While Congress has struggled to put together a bipartisan package to stimulate American mining operations, Struhsacker said, she gives Biden a “D” on his performance addressing the issue.
In April, Biden invoked the Defense Production Act to support mining operations behind lithium, nickel, cobalt, graphite, and manganese, but the administration has continued to shut down major projects from Alaska to Minnesota.
Biden’s Department of the Interior welcomed the new year with the cancellation of mineral leases for a copper and nickel mine in Minnesota. The proposed “Twin Metals” mine in the Superior National Forest, which Struhsacker described as a “world class resource,” would be one of the largest in the nation. In May, Biden’s Environmental Protection Agency moved to shut down plans for a trillion-dollar copper project known as “Pebble Mine” in southwest Alaska.
“The Biden administration is currently taking some steps to address these challenges related to political and stakeholder factors, but its efforts are not commensurate with the scale of the challenge,” reads the Brookings report. “Moreover, the administration has been unwilling to advance controversial projects like Pebble and Twin Metals, which are likely needed to significantly increase domestic supply in the short term.”
Struhsacker summed up her assessment of Biden’s approach as “schizophrenic.”
“On the one hand he’s giving policy lip service to the need for these minerals but he hasn’t really given his land management agencies the imperative to get critical mineral projects permitted,” Struhsacker said.
The mixed signals to the industry from the White House’s inconsistency, combined with a slow-moving Congress, is maintaining the status quo of reliance on foreign sources. In the end, that means an era of supply-chain vulnerability and higher emissions from overseas transportation as opposed to domestic mining operations here at home.
A range of world actors and events share the blame for the run-up in prices.
If you, unlike Michigan Democratic senator Debbie Stabenow, have bought gasoline lately, there’s a good chance that you’ve seen a sticker on the gas pump with a picture of President Biden saying, “I did that.” Typically, those stickers are placed by customers, not gas station owners, and for that reason, I’m against them: they violate the owners’ property rights.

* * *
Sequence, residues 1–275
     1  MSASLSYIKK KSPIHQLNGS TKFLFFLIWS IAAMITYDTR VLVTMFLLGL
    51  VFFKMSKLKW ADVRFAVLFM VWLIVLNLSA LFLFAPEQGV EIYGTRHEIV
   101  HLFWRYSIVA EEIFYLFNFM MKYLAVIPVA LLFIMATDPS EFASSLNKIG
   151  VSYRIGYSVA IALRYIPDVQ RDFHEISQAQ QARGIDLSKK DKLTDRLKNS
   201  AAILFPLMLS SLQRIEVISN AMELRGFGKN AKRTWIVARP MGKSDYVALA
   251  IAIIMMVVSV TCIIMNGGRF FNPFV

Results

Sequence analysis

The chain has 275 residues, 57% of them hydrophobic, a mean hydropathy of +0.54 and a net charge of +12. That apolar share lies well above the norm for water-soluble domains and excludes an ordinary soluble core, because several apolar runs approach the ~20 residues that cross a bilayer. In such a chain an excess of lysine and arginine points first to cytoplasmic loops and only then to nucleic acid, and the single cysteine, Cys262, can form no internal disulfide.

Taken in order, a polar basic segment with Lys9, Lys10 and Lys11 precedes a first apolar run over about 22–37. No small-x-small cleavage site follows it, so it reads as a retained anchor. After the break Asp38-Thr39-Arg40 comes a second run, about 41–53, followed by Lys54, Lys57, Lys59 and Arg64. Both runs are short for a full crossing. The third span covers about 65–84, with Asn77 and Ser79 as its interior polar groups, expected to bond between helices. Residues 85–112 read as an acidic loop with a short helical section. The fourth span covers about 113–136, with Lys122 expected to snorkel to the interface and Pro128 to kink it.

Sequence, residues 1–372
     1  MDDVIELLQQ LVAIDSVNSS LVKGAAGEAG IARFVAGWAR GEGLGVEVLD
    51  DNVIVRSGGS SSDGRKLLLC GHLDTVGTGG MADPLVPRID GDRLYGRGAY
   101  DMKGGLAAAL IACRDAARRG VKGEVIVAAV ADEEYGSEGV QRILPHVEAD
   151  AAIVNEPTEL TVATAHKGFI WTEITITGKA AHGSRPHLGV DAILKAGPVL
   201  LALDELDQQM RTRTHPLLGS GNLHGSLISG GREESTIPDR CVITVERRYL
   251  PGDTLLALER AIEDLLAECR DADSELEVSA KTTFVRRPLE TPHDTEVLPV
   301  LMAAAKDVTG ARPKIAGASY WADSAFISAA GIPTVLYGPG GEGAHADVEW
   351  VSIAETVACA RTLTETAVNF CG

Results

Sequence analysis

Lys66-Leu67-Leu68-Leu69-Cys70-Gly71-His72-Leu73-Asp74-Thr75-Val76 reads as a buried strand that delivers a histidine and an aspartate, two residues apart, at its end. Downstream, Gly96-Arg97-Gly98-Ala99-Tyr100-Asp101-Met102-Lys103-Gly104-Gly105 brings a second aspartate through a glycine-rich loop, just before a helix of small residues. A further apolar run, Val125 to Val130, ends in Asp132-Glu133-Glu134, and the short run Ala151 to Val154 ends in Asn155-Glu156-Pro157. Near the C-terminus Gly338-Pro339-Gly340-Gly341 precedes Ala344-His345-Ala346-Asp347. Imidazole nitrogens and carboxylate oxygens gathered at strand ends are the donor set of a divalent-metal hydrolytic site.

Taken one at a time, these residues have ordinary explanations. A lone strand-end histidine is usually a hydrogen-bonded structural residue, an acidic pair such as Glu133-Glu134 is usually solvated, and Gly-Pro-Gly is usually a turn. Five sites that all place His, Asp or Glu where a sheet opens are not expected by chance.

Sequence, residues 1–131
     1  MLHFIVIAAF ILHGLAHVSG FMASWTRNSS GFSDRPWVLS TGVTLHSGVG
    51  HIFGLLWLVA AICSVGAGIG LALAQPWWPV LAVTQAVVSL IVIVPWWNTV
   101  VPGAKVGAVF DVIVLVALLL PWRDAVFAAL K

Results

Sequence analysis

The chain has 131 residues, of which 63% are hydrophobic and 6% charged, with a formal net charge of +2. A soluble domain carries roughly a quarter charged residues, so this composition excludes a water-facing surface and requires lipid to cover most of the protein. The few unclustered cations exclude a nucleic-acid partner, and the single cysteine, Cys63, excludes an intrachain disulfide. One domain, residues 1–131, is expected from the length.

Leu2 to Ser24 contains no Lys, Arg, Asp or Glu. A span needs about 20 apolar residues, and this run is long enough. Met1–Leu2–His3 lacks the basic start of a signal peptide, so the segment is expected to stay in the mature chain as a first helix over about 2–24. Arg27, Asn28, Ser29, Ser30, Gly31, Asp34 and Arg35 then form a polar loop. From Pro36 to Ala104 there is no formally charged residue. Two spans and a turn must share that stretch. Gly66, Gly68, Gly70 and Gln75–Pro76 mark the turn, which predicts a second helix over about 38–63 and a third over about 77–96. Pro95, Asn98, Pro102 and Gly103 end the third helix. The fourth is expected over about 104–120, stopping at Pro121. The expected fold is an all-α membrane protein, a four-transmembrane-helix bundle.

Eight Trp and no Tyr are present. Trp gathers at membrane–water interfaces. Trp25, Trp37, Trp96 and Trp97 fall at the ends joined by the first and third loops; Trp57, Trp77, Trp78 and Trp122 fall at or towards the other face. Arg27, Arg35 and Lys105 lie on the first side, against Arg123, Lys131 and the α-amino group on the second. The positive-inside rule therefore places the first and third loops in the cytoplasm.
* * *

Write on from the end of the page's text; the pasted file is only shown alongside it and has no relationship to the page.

But I’m more interested here in the substantive question: did Joe Biden “do that”? My answer is “somewhat.” It wasn’t Biden alone. The Federal Reserve had some role, and the recovery from the pandemic had a large role. But the many actions Biden took before Vladimir Putin’s invasion of Ukraine and some of his actions afterwards have certainly caused the price of oil and gasoline to rise. Biden didn’t do all of “that.” Other governments have contributed to the problem, and various US government restrictions in the oil and gasoline markets have also contributed.
More important, many of Biden’s actions, unless reversed, will contribute to high oil and gasoline prices in the future. We shouldn’t be surprised. After all, he and his employees John Kerry, special presidential envoy for climate, and Jennifer Granholm, secretary of energy, explicitly want a diminished role for fossil fuels in the near future. If future oil production falls, then, for a given demand for oil, oil prices will rise.
We need to separate two categories of gasoline price increases: increases due to inflation and increases due to actions specific to the oil and gasoline markets.
Between January 2021, when Biden took office, and May 2022, the consumer price index (CPI), which is the usual measure of the inflation rate, rose by 11.7 percent. So, if gasoline prices had simply kept pace with the CPI, they would now be 11.7 percent higher than in January 2021. In January 2021, the average retail price of gasoline in the United States was $2.42. By the week of June 13, 2022, it had reached a whopping $5.11 per gallon. That’s up by $2.69. The 111 percent increase is, of course, much bigger than the increase in the CPI. Clearly, other factors besides inflation have caused gasoline prices to rise.
The major entity responsible for inflation is the Federal Reserve. In the 1960s, Milton Friedman famously stated that “inflation is always and everywhere a monetary phenomenon.” What he meant is that any persistent inflation that we have observed has been preceded by an increase in the money supply. That’s why a standard line that people have used is that inflation is due to too much money chasing too few goods.